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When Life Gives You a Lemon. . .Keep Records

September 15, 1996|KATHY M. KRISTOF

There was a strange sound coming from the transmission of Robert and Bonnie Bow's brand-new $26,000 Plymouth Voyager van from the moment they picked it up. But the dealer said it was just a new car with a new sound--something to get used to, not to worry about.

Less than 6,000 miles later, bad things started to happen.

Bonnie was driving home one night on the freeway when the car suddenly shifted into first gear, practically landing her in a drainage ditch.

Later, the door panels popped off.

A horrible mildewy smell began to pour from the air conditioning vents.

The signals wouldn't work.

The horn stopped beeping.

The back windshield wiper would turn on and off sporadically.

The seat back broke.

And the whole car began to rattle.

"It was like this van was possessed," says Bonnie, a soft-spoken mother of three from Madera, Calif. "I didn't know whether to call a mechanic or an exorcist."

Her dealer, who serviced the car 13 times in its first year of use, delivered the bad news: The Bows bought a lemon.

Now, more than a year later, Bonnie is still trying to get Chrysler to take the car back under the terms of California's lemon law. Her story underscores just how tough it can be to return your vehicle if you happen to be one of the unfortunate few who buy a defective car.

Every year, literally millions of new cars are sold. A small percentage are vehicles that have such severe mechanical defects that they simply can't be fixed in a reasonable number of attempts. Dealers, auto manufacturers, consumers and states term these cars lemons. And every state in the nation has a law requiring manufacturers to take them back.

Over the past decade, hundreds of thousands of lemons have been repurchased by manufacturers, consumer experts say.

More than 50,000 lemons are repurchased each year, compared to roughly 5,000 annually 20 years ago, according to Clarence Ditlow, executive director of the Center for Auto Safety, a Washington-based consumers' group.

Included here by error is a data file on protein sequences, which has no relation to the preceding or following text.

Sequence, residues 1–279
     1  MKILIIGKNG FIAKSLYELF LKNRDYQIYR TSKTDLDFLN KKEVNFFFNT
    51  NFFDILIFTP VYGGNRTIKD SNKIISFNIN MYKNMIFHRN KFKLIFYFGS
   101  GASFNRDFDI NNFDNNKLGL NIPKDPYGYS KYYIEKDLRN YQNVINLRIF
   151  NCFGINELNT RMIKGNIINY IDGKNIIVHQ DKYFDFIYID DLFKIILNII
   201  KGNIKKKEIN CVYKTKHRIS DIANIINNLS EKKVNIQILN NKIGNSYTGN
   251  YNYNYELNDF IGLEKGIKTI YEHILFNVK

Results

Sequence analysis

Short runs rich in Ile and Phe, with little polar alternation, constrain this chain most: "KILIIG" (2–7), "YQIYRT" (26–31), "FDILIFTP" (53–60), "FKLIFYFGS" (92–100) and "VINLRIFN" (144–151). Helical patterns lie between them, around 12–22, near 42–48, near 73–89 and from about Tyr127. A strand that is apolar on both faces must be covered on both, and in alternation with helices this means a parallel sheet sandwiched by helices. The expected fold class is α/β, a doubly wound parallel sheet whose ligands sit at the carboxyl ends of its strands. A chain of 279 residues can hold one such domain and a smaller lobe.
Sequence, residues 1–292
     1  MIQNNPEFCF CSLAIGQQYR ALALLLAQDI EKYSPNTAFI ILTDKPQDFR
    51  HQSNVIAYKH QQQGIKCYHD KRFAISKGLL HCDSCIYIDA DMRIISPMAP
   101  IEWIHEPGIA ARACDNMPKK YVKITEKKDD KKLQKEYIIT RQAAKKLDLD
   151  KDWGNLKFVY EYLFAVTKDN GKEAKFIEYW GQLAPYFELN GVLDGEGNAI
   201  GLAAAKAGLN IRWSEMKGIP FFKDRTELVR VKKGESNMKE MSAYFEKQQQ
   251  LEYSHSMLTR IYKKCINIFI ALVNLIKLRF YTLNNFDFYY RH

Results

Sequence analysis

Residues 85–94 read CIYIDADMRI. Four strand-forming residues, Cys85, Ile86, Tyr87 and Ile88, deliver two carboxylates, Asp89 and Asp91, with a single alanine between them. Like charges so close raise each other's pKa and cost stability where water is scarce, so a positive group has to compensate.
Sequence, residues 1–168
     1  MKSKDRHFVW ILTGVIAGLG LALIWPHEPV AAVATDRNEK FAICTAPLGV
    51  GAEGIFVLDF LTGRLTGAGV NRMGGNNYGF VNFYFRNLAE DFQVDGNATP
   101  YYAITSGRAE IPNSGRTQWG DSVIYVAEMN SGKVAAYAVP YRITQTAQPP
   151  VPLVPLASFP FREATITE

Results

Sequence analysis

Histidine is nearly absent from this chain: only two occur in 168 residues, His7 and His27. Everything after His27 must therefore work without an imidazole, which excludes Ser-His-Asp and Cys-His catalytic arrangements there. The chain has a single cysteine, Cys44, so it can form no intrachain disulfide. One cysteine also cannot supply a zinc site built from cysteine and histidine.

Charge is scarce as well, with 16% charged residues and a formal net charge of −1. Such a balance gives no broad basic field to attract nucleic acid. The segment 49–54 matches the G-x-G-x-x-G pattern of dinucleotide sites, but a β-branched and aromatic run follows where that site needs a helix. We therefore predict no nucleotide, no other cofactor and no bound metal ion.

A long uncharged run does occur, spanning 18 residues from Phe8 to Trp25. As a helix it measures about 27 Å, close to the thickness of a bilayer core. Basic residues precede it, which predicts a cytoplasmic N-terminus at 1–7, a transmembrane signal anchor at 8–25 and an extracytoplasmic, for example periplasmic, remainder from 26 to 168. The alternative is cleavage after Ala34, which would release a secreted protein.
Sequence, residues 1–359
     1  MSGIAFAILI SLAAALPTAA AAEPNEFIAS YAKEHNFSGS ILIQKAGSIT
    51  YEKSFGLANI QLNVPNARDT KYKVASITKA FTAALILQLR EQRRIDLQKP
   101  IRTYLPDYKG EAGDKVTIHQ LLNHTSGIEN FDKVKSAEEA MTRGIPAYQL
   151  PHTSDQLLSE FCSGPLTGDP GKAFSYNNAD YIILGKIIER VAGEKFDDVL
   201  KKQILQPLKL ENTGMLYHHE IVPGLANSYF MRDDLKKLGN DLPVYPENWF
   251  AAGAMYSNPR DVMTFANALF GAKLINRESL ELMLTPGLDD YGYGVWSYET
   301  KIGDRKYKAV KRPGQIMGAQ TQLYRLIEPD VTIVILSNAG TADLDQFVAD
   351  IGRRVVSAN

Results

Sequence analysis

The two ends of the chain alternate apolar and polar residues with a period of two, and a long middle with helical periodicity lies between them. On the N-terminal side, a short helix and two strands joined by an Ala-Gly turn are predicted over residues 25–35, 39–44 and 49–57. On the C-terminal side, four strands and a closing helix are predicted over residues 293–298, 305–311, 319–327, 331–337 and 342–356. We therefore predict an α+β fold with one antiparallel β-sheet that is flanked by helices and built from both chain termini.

That's not because there are more lemons. Manufacturers and consumer advocates agree that car quality has markedly improved over this period.

The difference is that now the number of lemons bought back has vastly increased, Ditlow says.

Why? Lemon laws are relatively new--a product of the past 15 years. California passed one of the first such laws, which went into effect in 1983. Additionally, today's consumers are simply better informed than they used to be, says Rosemary Shahan, president of Consumers for Auto Reliability in Sacramento.

Oddly enough, one of the things that has helped boost consumer awareness of lemon laws is a crime--"lemon laundering."

For years, lemons repurchased by manufacturers have resurfaced in automobile auctions and on used- car lots, with no notice indicating the car's history.

The National Assn. of Attorneys General became so distressed by the practice that it adopted a resolution in 1991 encouraging state attorneys general everywhere to push for legislation requiring disclosure and warranties on resold lemons. Most states now require this disclosure, although experts maintain nondisclosure of "material facts" would be a violation of federal fair trade practice statutes anyway.

Nonetheless, lemon laundering continues. Indeed, just last month Chrysler Corp. officials were summoned to Sacramento to appear at a Department of Motor Vehicles hearing regarding alleged violations of California's lemon disclosure requirements. California officials said Chrysler repeatedly sold defective vehicles without providing consumer disclosures as required under California law.

At the hearing, Ditlow said the Chrysler problem was a national rather than regional issue. He gave several examples, including one involving a Dodge Caravan that leaked so badly that the first owner, a Virginia man named Dan Garcia, carried towels with him just in case it rained. He sued Chrysler, the parent of both Plymouth and Dodge, to force a repurchase. After a three-year battle, he won.

The car later resurfaced in Minnesota, where Karen Melvin bought it--still leaking.

Melvin investigated the vehicle's history, found out it was a repurchased lemon and demanded a refund. After she hired an attorney, Chrysler refunded her money. Owner No. 3, Wade Wilson, continues to experience water leak problems, Ditlow says.

Chrysler won't comment on specific examples from the hearing, but says it has not violated the state's lemon law and will appeal any penalty coming out of the Sacramento hearing.

What exactly is a lemon? A car that has a defect that "substantially impairs the use, value or safety" of the vehicle and can't be repaired, says Philip Nowicki, president of P.R. Nowicki & Co., a national automotive research and consulting firm headquartered in Tallahassee, Fla.

To presume a car is not repairable, some states say you must have three unsuccessful repair attempts; other states, including California, set that number at four or after a certain number--often 30--of days out of service.

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